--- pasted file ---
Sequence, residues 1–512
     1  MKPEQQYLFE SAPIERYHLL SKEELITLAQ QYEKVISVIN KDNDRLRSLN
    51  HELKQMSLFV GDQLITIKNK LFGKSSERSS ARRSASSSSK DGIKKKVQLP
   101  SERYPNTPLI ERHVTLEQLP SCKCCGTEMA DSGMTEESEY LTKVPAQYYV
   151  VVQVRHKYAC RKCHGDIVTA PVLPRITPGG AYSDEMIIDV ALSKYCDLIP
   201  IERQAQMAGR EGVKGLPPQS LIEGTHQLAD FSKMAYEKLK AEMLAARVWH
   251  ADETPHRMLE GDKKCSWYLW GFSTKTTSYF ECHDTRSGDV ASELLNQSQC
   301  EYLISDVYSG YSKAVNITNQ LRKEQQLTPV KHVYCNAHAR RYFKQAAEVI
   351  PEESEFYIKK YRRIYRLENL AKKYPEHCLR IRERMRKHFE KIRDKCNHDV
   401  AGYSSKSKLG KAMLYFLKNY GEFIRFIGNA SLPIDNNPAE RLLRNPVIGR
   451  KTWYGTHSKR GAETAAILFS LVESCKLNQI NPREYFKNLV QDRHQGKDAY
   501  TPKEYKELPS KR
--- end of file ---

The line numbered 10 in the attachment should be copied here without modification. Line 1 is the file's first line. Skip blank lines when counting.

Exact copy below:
   401  AGYSSKSKLG KAMLYFLKNY GEFIRFIGNA SLPIDNNPAE RLLRNPVIGR